On December 21, electric vehicle maker Tesla will finally join the S&P 500, making it one of the 10 most-valuable companies on the index. The committee that regulates which companies make up this market indicator puts them through a rigorous selection process, aimed at keeping it balanced and as representative as possible: to prevent speculation, it only admits companies that have enjoyed a minimum of four consecutive profitable quarters, a milestone Tesla surpassed this summer. Perhaps this will silence the skeptics who for so long have insisted Elon Musk’s company had no future.

More than $11.2 trillion in financial assets are linked to the composition of the S&P 500, of which $4.6 trillion are index funds: overnight, all those investors who keep their money in such funds will become shareholders in the company, which will see demand for its shares increase significantly.

Why has the S&P 500 Index invited Tesla to join its ranks? Firstly, recognition that companies which are part of an economy that recognizes the importance of sustainability and decarbonization are now an increasingly attractive proposition. Tesla was the first brand that managed to make a desirable electric vehicle with a far superior driving experience to any of its gas guzzling competitors. If you like driving, then you should definitely take a Tesla out for a test drive.

But what makes Tesla so special is that it is so much more than a vehicle manufacturer: it can sell you from a battery for your home or one for industrial use, a solar roof, or a recharge on its network of superchargers. Musk has also created an aerospace company that has beaten the historic NASA suppliers in terms of results, and has also taken advantage of its rockets to put into orbit a huge network of significantly cheaper satellites than their predecessors, and that will soon provide services such as internet access and GPS. Musk’s empire also includes a company working on transportation tunnels under cities, along with another for ultra-high-speed trains based on magnetic levitation that operate in a vacuum. Not a bad portfolio.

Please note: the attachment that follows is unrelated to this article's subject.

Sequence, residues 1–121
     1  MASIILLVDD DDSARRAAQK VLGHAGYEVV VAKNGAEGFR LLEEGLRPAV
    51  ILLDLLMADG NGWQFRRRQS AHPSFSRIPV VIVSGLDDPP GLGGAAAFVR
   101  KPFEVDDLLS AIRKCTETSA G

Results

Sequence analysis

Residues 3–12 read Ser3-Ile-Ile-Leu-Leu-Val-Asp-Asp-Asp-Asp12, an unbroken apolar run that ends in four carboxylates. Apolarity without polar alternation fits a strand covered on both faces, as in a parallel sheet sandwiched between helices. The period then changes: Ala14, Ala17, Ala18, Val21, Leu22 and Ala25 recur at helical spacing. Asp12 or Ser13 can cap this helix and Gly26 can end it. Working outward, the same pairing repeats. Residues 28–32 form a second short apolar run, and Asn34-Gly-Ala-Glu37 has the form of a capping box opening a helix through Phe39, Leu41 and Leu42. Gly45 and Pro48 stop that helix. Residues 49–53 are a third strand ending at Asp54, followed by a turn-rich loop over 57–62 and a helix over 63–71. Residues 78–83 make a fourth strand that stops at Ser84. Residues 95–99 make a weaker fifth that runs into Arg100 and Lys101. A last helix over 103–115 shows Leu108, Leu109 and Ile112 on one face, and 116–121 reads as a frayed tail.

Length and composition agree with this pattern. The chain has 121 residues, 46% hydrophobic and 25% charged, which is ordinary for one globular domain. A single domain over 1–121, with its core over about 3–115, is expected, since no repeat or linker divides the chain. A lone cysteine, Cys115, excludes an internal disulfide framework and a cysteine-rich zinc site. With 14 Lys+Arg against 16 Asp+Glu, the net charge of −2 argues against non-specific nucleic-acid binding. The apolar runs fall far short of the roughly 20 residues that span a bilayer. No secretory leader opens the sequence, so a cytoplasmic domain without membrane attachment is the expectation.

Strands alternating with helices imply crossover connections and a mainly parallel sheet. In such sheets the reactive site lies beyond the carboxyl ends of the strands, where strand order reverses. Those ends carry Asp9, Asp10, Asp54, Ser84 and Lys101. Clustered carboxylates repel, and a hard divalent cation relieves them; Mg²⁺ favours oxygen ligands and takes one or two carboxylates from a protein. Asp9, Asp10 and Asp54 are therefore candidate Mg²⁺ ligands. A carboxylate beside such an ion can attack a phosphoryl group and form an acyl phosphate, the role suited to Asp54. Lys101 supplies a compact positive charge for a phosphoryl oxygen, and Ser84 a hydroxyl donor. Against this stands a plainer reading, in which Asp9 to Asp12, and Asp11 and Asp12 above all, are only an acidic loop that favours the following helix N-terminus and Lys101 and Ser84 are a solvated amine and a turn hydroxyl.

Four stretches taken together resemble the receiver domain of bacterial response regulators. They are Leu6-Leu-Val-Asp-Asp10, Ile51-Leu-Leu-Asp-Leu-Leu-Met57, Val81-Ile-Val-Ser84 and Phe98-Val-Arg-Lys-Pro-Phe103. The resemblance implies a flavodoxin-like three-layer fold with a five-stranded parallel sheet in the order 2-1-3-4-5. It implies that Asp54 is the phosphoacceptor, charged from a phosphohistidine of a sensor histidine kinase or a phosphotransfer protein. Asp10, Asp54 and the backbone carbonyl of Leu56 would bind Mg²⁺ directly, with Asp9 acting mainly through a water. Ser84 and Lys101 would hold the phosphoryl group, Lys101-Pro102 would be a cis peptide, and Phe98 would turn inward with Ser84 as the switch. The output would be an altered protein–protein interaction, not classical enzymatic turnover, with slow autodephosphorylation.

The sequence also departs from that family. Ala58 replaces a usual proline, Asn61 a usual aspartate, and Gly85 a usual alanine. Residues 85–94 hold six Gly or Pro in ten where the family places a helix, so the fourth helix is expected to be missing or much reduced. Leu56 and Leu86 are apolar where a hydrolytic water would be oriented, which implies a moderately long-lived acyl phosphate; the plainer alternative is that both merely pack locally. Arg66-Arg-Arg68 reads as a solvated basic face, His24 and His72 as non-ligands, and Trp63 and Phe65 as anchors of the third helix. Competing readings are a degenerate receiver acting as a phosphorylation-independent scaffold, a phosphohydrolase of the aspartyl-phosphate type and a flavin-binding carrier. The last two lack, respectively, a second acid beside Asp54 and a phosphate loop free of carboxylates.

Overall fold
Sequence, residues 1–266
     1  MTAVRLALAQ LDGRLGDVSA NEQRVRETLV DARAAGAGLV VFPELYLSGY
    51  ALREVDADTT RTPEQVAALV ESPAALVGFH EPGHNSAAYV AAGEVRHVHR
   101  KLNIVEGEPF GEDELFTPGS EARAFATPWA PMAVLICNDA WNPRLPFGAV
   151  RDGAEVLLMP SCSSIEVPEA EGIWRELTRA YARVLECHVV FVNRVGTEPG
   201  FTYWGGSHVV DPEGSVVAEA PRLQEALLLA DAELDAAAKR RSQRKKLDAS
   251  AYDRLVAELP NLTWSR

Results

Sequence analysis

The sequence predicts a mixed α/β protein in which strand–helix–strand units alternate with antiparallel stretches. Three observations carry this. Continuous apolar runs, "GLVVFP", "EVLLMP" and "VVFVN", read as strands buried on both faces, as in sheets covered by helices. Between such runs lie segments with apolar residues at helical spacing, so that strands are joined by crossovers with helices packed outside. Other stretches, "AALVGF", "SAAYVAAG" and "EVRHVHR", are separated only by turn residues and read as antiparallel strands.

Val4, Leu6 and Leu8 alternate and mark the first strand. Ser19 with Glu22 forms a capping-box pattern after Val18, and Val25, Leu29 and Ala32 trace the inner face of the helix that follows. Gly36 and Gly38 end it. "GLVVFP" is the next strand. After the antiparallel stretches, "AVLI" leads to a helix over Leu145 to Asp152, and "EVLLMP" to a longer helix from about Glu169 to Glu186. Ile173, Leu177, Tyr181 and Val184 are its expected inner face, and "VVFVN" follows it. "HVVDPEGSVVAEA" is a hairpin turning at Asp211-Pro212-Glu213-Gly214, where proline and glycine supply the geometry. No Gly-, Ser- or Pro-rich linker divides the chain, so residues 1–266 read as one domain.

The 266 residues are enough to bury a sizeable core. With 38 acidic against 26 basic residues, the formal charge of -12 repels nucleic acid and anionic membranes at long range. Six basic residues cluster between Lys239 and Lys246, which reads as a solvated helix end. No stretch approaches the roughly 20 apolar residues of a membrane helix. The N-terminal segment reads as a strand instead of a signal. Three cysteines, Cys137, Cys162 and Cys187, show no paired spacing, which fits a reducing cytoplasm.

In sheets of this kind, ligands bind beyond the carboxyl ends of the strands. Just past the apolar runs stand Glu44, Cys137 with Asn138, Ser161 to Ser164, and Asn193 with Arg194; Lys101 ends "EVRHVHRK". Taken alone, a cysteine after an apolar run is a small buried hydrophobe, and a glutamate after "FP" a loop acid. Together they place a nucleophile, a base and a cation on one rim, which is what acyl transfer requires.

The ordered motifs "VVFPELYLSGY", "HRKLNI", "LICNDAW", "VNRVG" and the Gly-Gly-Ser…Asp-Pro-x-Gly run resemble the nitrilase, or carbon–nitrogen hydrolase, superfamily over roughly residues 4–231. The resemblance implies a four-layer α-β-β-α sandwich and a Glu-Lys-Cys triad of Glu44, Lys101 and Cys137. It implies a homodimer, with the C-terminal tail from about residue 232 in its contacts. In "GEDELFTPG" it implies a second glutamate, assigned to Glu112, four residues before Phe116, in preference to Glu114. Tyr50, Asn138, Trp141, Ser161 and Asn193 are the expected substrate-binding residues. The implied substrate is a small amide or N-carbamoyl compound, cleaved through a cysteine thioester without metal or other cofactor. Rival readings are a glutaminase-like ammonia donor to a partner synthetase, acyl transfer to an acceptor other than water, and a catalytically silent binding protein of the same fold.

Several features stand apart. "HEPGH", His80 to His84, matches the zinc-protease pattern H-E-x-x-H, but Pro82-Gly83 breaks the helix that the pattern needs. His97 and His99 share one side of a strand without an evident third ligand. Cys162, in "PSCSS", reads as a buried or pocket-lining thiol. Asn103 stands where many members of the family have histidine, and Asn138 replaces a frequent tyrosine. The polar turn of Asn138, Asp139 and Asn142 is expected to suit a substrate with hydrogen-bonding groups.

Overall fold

But beyond Tesla and the genius of Elon Musk, his company’s entry into the S&P 500 foreshadows something much more important: from now on, the vast majority of surprises we will see in terms of growth and investment will come from the green and sustainable economy. In December 1999, Yahoo! entered the S&P 500, signaling the arrival of the digital economy. Now, with the perspective of 20 years, we can perfectly understand what that meant and the magnitude of that change. 

With Donald Trump’s dark period in the White House over (aside from the shadow he has cast, there’s his obsession with oil and coal and his irrational denial of the climate emergency), Joe Biden is set to introduce a package of measures that includes a more-than $1.7 trillion to speed up the transition to electric vehicles via subsidies to buy one, removing old fossil fuel vehicles, building recharging infrastructure, insulating homes, installing solar roofs, capturing atmospheric carbon dioxide, and a root and branch overhaul of the country’s power generation grid to dramatically increase the contribution made by solar and wind; measures that the Biden administration says will create more than 10 million jobs.

In short, Tesla’s entry into the S&P 500 is no accident. It reflects the emergence of a new economy based on sustainability, which will be popular with voters as well as investors. This is an essential transition if we want to have a future on this planet.

Companies that fail to grasp the magnitude of the change now underway, the need to carry it out or the opportunity it represents, will soon find themselves out of step and then out of business.

About the Author

This article was written by Enrique Dans, professor of Innovation at IE Business School and blogger at enriquedans.com.

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